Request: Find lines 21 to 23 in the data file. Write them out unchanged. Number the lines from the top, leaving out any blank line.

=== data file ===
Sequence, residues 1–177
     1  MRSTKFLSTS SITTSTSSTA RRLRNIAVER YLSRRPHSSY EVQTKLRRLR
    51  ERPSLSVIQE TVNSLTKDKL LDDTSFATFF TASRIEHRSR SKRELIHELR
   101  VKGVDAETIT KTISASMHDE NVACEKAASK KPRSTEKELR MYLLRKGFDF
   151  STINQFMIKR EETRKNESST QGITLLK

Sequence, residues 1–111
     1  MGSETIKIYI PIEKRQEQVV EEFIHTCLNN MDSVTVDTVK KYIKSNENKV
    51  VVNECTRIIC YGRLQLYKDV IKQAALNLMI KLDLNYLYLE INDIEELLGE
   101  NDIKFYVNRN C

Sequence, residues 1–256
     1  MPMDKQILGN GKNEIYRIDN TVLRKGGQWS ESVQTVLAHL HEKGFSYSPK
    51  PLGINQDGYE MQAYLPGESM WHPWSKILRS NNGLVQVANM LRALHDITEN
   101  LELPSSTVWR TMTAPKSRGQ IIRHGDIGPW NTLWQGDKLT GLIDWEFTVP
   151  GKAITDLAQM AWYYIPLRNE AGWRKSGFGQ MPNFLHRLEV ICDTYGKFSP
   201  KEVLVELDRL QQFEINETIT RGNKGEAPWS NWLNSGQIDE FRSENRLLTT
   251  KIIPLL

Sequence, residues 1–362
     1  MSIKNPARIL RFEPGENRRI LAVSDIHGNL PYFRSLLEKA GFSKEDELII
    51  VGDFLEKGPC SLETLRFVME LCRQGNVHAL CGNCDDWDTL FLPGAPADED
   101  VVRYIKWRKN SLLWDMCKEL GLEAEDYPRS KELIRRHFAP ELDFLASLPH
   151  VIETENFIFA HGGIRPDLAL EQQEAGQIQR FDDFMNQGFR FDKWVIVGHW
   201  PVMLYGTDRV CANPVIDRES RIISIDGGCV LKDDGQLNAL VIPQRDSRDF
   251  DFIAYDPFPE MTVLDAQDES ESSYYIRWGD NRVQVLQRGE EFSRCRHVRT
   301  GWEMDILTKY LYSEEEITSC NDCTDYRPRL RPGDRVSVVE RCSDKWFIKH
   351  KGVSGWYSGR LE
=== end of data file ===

   151  VIETENFIFA HGGIRPDLAL EQQEAGQIQR FDDFMNQGFR FDKWVIVGHW
   201  PVMLYGTDRV CANPVIDRES RIISIDGGCV LKDDGQLNAL VIPQRDSRDF
   251  DFIAYDPFPE MTVLDAQDES ESSYYIRWGD NRVQVLQRGE EFSRCRHVRT